My camera does not do justice to small birds.  Therefore, enjoy Texas flight above for a sense of numbers arriving, descending, rising, feeding, interacting with one another, circling the boat, all the while half-muttering, half-singing, as dusk won its nightly victory   Bear with my feeble words in trying to bring the magic to all of you.

Feeding Frenzy Gulls Purple Martin Cruise

Gull Frenzy, Dusk, Shellpile NJ Dock

Gulls on HIgh Purple Martin Cruise

Gulls on High

Peak 'o' The Moon Battle site Purple Martin Cruise AugustPEAK O’ THE MOON, REVOLUTIONARY BATTLE-SITE on the Maurice River

This is my favorite battleground name in all history.  Trouble is, no one can ever tell us who won!

Awaiting Tidal Change Purple Martin Cruise

AWAITING TIDAL CHANGE ON THE BONANZA II —

Can we fit under the bridge…..????

 

Where Eagles Watched Purple Martin Cruise

WHERE EAGLES, PERCHED, OBSERVED BIRDWATCHERS, AFLOAT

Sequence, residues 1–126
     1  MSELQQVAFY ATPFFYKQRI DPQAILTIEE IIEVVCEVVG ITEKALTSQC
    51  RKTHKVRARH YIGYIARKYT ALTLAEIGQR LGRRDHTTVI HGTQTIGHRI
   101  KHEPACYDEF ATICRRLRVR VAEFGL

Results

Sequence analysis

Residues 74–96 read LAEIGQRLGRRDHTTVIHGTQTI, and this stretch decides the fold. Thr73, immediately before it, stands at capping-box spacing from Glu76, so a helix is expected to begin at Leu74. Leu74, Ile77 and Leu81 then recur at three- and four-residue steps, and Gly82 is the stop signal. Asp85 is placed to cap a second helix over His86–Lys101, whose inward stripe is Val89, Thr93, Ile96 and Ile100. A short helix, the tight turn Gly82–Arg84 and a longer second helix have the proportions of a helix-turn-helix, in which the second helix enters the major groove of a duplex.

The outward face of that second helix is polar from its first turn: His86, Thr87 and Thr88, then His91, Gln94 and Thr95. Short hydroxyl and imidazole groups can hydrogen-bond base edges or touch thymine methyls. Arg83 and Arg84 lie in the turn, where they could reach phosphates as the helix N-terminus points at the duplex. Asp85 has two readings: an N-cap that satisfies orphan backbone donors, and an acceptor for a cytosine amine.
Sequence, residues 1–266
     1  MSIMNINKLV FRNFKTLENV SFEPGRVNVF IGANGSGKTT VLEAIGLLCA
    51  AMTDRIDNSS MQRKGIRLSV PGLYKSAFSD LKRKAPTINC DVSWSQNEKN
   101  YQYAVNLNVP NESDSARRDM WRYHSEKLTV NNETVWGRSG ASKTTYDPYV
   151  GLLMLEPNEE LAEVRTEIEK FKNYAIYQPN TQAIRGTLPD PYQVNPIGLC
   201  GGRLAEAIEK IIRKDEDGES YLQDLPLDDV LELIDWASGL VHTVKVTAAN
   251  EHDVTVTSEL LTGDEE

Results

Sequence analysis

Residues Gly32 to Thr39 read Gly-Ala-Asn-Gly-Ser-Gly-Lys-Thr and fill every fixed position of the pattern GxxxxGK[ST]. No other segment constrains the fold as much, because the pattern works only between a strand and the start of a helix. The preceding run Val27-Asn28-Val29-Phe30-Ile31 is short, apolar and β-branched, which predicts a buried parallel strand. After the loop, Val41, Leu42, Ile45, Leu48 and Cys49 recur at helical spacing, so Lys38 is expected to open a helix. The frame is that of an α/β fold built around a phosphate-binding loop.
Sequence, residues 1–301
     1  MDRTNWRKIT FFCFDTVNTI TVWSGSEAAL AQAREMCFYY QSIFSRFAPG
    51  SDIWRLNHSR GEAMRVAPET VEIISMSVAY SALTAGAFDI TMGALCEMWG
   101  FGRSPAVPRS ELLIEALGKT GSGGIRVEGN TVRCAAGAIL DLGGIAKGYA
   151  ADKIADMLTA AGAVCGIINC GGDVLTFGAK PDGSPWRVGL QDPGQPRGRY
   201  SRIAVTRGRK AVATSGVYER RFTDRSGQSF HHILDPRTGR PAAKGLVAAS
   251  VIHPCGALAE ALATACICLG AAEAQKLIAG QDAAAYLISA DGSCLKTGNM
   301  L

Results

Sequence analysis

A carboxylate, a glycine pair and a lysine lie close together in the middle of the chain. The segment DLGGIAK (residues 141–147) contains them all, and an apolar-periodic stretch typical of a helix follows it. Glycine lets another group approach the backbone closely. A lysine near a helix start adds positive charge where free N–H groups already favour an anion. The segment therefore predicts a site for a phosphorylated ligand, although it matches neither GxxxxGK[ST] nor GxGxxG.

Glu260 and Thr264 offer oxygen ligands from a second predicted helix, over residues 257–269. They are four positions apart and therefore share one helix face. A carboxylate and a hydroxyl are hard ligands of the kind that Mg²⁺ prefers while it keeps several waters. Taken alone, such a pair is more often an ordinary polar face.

Eagles were present, as were osprey and osprey nests – even natural ones, i.e., not on platforms  But they all took second billing, as we waited for martins to gather and swirl.

Clammers Return Purple Martin Cruise

“DAY IS DONE” — CLAMMERS’ RETURN ON THE MAURICE

 

When Systems Collide Purple Martin Cruise

WHEN SYSTEMS COLLIDE

Do not lose sight of the fact, NJWB Readers, that these wild weathers are the fall-out of climate change.  That those vanishing floorboards in the boarding/docking area, under strange moon tides, are not only climate-change generated, but visual proof of sea-level rise.  Let NO one try to convince you that this is a myth.  It is no myth, but an enormous threat, in New Jersey, the only state with three coasts.